Dow drops 1,000 points as pandemic fears heighten

The three main indexes were on track for their worst week since the 2008 global financial crisis. (AFP)
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Updated 29 February 2020

Dow drops 1,000 points as pandemic fears heighten

  • The benchmark S&P 500 fell about 12 percent

BENGALURU: The Dow Jones Industrials slumped more than 1,000 points in intraday trading for the third time this week on Friday, as the rapidly spreading coronavirus outbreak raised fears of global recession.

Over the week, virus fears have wiped nearly $3 trillion off the combined market value of S&P 500 companies, putting the three main indexes on track for their worst week since the 2008 global financial crisis.

As the world prepares for a potential pandemic, investors rushed to safe assets, deepening an inversion of the US Treasury yield curve, a classic recession signal.

The benchmark S&P 500 fell about 12 percent from its record closing high hit last week, confirming its fastest correction in history on Thursday.

In morning trade, the Dow Jones Industrial Average was down 1,058.08 points, or 4.11 percent, while the S&P 500 was down 118.91 points, or 3.99 percent.

All the 11 S&P sectors shed at least 2 percent and the defensive utilities, consumer staples and real estate sectors dropped more than 3 percent. The three sectors have outperformed the benchmark index this month.

“This selling is a bit extreme for something that we don’t know enough about,” said Robert Pavlik, chief investment strategist at SlateStone Wealth LLC in New York.

“What I do know is that the coronavirus is not going to lead us into a financial crisis that is long lasting. It could put us in a technical recession, but the real concern is does that recession cause the US consumer to pare back on spending?“

While the magnitude of the economic damage from the containment measures, which have crippled supply chains and hit business investment, remained unclear, analysts have sharply downgraded their outlook for growth and corporate earnings.

Adding to worries, the Commerce Department’s data on Friday showed US consumer spending rose less than expected in January, a loss of momentum that could be exacerbated by the virus outbreak.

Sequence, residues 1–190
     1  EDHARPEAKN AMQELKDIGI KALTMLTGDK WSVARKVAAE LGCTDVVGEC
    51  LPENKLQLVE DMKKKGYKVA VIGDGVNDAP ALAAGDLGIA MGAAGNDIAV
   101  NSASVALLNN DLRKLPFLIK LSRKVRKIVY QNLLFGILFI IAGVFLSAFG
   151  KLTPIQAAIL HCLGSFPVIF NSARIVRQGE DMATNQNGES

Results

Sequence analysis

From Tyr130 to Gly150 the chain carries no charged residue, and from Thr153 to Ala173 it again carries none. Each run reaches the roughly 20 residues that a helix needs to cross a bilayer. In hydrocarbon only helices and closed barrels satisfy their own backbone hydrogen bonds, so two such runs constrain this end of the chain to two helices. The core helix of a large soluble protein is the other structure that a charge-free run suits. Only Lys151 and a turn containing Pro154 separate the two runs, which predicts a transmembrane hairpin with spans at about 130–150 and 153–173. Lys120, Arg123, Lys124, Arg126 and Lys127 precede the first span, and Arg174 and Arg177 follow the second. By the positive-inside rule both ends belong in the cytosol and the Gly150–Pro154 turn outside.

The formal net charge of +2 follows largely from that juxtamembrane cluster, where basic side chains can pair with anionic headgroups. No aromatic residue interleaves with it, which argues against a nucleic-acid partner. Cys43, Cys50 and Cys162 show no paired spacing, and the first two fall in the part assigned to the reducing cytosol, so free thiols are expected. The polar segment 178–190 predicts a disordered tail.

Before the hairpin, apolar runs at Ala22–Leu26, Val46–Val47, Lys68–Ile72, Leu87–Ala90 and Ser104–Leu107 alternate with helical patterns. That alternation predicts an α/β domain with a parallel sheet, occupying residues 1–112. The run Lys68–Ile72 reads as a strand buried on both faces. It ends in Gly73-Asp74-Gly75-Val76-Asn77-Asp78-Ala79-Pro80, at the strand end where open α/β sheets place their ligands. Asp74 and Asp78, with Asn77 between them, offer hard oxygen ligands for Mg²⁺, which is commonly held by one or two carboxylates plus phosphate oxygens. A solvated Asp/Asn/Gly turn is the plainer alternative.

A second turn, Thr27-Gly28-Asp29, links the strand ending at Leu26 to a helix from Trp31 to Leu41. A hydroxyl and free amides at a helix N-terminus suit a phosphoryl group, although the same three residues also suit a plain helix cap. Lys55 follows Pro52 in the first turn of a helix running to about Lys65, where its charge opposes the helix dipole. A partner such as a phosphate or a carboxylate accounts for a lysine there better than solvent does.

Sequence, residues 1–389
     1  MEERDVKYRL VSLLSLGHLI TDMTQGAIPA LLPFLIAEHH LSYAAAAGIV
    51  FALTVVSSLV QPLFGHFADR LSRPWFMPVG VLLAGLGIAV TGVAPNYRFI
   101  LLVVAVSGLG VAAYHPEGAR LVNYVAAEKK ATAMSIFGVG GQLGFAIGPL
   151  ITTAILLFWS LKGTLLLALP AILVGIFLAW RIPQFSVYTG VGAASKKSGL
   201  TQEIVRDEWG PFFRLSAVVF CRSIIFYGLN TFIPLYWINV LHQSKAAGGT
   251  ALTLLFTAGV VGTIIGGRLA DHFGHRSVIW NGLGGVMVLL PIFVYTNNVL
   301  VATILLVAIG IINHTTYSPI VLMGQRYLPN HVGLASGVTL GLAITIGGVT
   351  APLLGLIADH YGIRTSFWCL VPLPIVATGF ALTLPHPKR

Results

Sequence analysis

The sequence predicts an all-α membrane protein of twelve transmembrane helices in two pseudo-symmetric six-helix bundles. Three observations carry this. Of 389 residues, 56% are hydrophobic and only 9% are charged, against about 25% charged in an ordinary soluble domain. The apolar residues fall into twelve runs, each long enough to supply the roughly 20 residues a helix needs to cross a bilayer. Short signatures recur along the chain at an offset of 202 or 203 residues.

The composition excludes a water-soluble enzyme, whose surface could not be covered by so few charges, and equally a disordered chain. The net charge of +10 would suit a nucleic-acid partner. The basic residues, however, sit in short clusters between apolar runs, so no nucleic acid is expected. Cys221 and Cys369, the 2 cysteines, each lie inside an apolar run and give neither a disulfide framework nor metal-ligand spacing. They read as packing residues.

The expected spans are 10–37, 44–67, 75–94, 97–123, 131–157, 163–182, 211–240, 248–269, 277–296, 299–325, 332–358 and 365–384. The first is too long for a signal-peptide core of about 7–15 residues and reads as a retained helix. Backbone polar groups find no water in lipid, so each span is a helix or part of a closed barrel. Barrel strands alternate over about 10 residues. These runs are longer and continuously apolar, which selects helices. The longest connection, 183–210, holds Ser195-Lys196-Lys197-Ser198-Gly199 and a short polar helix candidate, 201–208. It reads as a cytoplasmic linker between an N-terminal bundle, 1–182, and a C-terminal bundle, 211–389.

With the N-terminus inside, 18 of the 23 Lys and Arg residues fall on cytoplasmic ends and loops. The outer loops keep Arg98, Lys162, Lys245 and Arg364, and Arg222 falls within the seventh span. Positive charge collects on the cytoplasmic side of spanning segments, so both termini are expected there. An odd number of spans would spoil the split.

Traders are now pricing in an interest rate cut by the Federal Reserve as soon as next month, but many have expressed doubts about how this would mitigate the impact of the outbreak.

Among individual stocks, Mylan NV dropped 6 percent after the drugmaker cautioned a financial hit from the coronavirus outbreak and warned of drug shortages in case of continued spread of the virus.

Declining issues outnumbered advancers for a 9.24-to-1 ratio on the NYSE and a 4.63-to-1 ratio on the Nasdaq.

The S&P index recorded no new 52-week highs and 108 new lows, while the Nasdaq recorded 11 new highs and 386 new lows. 


UK retailer Debenhams goes into the red again

Updated 10 April 2020

UK retailer Debenhams goes into the red again

  • Debenhams’ 142 UK stores are closed with Britain in coronavirus lockdown

LONDON: British department store group Debenhams went into administration for the second time in 12 months on Thursday, seeking to protect itself from legal action by creditors during the coronavirus crisis that could have pushed it into liquidation.

With Britain in lockdown during the pandemic, Debenhams’ 142 UK stores are closed, while the majority of its 22,000 workers are being paid under the government’s furlough scheme. It continues to trade online.

The retailer went into administration for a first time in April last year, wiping out equity investors including Mike Ashley’s Sports Direct, and is now owned by a lenders consortium called Celine UK NewCo. 

Debenhams said administrators from FRP Advisory would work with the existing management team to get the UK business into a position to re-open and trade from as many stores as possible when restrictions are lifted by the government.

Chief Executive Stefaan Vansteenkiste said that he anticipated the firm’s owners and lenders would make additional funding available to fund the administration period.

However, the group’s business in Ireland looks doomed.

Debenhams said that it expected administrators to appoint a liquidator to the 11-store Irish operation, which employs 2,000.

The moves makes Debenhams the first major retail casualty of the health crisis in Ireland, where the government, as in the UK, has closed all non-essential shops.

Ireland on Monday reported a trebling of its unemployment rate to 16.5 percent with a further surge expected later in the month.

“We are desperately sorry not to be able to keep the Irish business operating but are faced with no alternative option in the current environment,” said Vansteenkiste.